The phenomenon of wave diffraction is explained according to the Huygens principle, discovered by the Dutch physicist Christian Huygens in 1678. It is stated that when the disturbance reaches a medium, each point of it behaves as an emitter of new waves, of the same speed and frequency as the original ones.
In this way, a new wavefront is continuously produced, which can be visualized by tracing the envelope of each emitted secondary wave. Wave diffraction
Naturally, this wavefront has infinite points, but precisely in the place of the obstacle there is a single wavefront that acts as an emitter, which makes it possible for the wave to bypass the obstacle, bend and propagate to the other side. Wave diffraction
Examples of wave diffraction Wave diffraction
Diffraction is a characteristic phenomenon of all waves, including light and acoustic waves. If a jet of particles is fired towards an apertured screen, the jet does not behave in the same way as a wave such as light would, for example, since the stream of particles would not be deformed to be bent by the obstacle or the intervening opening, but would continue in a straight line.
The first to experience and document the phenomenon of diffraction of light was the Italian scientist and priest Francesco María Grimaldi (1618-1663), and also the one who gave it his name. Wave diffraction
Project sunlight into a dark room
A the like did Grimaldi, it can be seen that by passing the light from the sun inside a dark room and projecting on the wall through a provided cardboard of a small hole or slot, the light spot is larger to the expected. Wave diffraction
It can also be seen that the edges are not sharp and although it is not that simple to observe, the edges in the shadow have a diffuse fringe pattern. But if monochromatic light is used, such as that from a laser, there is a more pronounced stripe pattern.
The diffraction of light is not as evident as that of sound or ocean waves, because for it to occur, the obstacle or opening must have a length comparable to that of the wavelength. Visible light has wavelengths between 400-700 nanometers (1 nanometer = 10 -9 meters).
Therefore, the narrower the slit through which the light that is projected on the wall or screen is allowed to pass, it is more evident that there is no abrupt change between the illuminated area and the dark area.
The electron microscope Wave diffraction
Diffraction of light is a limitation for the light microscope. When an object is smaller than the wavelength of light there is no way to see it, because diffraction completely blurs the image of the object.
This is why scientists use electrons to illuminate very small structures, since the wavelength of an electron beam is shorter than that of light. It happens that electrons have a dual nature and are capable of behaving like waves.
Diffraction of sea waves Wave diffraction
The diffraction of marine waves is clearly seen around rocks and small islands, especially when the distance between these rocks is very similar to the wavelength of the waves.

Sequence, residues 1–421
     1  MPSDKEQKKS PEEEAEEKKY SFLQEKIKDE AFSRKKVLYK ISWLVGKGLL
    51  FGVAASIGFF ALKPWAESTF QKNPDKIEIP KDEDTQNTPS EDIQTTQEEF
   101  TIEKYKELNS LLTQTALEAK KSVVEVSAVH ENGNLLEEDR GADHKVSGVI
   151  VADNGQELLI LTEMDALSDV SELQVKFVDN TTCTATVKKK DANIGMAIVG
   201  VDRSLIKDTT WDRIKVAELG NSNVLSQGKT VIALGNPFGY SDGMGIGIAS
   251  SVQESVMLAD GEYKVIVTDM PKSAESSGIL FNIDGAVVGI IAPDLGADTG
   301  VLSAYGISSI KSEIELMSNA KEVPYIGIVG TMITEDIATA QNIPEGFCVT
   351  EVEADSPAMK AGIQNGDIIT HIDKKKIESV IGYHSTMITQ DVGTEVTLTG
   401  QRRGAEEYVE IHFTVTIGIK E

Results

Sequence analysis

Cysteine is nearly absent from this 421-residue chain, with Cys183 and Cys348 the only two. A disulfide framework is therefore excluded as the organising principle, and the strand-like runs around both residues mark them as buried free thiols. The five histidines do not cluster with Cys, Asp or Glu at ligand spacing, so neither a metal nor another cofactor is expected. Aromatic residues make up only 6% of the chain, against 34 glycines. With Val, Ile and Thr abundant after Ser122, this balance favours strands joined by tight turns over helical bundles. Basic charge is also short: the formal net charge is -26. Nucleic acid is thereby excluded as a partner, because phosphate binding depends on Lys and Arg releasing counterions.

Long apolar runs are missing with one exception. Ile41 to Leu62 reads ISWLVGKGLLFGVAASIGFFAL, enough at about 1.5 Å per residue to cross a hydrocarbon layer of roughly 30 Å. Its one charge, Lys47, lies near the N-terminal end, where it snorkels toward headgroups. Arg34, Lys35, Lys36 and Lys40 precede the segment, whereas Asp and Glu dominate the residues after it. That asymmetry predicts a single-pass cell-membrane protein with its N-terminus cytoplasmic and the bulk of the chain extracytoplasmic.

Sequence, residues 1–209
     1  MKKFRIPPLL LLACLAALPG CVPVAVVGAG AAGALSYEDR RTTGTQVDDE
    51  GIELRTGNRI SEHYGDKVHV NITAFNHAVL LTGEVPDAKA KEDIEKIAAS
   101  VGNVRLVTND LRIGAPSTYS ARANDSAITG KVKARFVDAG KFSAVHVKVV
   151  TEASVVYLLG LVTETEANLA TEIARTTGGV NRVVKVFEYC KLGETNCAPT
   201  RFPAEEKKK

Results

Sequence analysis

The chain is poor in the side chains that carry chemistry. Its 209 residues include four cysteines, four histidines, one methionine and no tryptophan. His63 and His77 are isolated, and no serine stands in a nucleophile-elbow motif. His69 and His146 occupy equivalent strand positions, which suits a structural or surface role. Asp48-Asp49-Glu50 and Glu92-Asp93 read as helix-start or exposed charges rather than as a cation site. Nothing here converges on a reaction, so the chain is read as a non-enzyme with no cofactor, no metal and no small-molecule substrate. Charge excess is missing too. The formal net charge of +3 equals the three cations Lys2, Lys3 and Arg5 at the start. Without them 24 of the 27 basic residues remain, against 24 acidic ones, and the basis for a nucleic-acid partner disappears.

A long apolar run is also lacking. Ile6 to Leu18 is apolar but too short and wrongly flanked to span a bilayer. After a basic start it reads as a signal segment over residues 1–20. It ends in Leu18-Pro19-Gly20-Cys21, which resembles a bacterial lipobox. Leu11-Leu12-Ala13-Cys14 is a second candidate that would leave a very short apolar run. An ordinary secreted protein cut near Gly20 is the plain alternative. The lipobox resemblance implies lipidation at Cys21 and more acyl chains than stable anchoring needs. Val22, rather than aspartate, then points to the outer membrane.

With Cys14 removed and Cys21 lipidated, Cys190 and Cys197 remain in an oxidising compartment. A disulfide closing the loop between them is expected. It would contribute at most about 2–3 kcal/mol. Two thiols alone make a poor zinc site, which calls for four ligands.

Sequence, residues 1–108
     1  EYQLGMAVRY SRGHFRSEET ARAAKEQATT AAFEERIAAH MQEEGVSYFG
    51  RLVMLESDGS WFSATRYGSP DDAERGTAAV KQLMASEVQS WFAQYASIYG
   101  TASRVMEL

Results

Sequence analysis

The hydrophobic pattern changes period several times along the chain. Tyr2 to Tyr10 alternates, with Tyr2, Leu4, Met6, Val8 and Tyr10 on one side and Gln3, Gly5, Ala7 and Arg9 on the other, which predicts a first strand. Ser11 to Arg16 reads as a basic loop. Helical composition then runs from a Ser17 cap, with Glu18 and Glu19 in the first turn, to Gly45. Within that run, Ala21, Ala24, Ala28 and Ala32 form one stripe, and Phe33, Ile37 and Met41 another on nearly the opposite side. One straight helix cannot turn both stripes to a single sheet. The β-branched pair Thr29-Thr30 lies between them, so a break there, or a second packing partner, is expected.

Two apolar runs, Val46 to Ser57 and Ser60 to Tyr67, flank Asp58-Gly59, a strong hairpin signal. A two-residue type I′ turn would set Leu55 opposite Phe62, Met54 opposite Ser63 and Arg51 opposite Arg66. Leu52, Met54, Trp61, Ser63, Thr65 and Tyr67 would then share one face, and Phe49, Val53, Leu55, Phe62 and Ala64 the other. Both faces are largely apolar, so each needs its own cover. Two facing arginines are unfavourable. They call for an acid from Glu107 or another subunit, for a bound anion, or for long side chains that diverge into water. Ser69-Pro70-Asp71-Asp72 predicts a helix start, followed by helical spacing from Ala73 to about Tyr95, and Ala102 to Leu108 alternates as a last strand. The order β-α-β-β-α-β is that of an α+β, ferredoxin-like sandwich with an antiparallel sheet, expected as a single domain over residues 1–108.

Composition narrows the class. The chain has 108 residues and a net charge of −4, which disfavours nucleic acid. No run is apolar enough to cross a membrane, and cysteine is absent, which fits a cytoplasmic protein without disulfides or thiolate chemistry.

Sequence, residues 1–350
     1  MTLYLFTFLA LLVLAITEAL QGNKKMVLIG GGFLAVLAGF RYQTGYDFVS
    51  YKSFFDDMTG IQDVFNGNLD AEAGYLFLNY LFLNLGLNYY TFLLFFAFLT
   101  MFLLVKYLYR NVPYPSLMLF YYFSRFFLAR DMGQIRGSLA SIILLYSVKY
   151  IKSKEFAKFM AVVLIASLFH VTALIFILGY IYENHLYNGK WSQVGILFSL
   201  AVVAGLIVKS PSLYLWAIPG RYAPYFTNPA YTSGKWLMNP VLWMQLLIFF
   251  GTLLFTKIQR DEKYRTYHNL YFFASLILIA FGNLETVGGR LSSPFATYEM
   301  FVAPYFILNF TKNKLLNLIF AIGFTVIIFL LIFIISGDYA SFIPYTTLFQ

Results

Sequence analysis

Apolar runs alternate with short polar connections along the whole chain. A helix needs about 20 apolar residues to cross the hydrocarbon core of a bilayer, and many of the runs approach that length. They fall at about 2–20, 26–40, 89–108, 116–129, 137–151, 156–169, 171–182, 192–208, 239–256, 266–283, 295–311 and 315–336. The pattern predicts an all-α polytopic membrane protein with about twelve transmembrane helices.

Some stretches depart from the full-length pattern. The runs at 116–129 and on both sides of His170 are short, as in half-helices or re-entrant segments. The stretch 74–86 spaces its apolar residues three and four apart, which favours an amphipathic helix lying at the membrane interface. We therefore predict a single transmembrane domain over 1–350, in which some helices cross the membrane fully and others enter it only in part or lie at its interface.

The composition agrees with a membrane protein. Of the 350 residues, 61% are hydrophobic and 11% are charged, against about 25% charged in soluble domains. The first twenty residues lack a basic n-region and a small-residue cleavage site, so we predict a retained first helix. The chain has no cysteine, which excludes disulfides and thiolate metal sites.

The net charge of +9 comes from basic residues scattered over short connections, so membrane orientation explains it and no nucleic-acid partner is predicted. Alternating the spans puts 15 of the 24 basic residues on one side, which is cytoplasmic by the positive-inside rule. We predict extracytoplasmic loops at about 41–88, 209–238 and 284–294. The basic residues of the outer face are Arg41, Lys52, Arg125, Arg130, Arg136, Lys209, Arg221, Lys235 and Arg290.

X-ray diffraction Wave diffraction
Diffraction does not only occur with visible light, but also with the rest of the electromagnetic spectrum. By interposing a crystalline structure before an X-ray beam, the diffraction they experience produces a pattern that depends on that structure.
This diffraction is due to the interaction between the X-rays and the outer electrons of the crystal atoms.
Many animals communicate with each other by emitting sounds that, due to their low frequency, are inaudible to humans. The audible range of people is very wide, oscillating between 20 and 20,000 Hz, but animals such as the African elephant are capable of emitting sounds with frequencies below 20 Hz.
The phenomenon helps them to communicate across the vast African savannas, as the lower the frequency, the more easily acoustic waves are diffracted. When they meet rocks, trees and bushes, one part is reflected in the obstacle and the other expands past the obstacle and immediately filling the medium as it passes.
This helps pack members to easily locate each other.
But not only pachyderms make use of this property of sound, rhinos, giraffes and crocodiles are also capable of using low-frequency sounds. Even the roar of tigers contains low frequencies, which experts say contribute to paralyzing prey.
Fog horns Wave diffraction
They are speakers that serve to guide boats in areas where fog prevents good visibility. Likewise, boats have these horns to warn of their presence and thus avoid accidents. Wave diffraction
Fog horns emit low-frequency sounds, that is, low notes, since as explained above, low-frequency sounds are diffracted more than high-frequency sounds, and also travel greater distances.
The latter is due to the fact that the attenuation of the sound wave is lower the lower the frequency. For this reason, high-pitched sounds are lost faster than bass, another reason why elephants use very low-frequency sounds to communicate.
AM radio vs. FM
Radio waves can experience diffraction due to obstacles such as hills, mountains, and large buildings. The AM band has long wavelengths (180-550 meters) compared to the obstacles you often encounter.
That is why they are more easily diffracted than FM, whose wavelength can be just a couple of meters. These do not deviate as well when bumping into buildings, making reception difficult in some areas.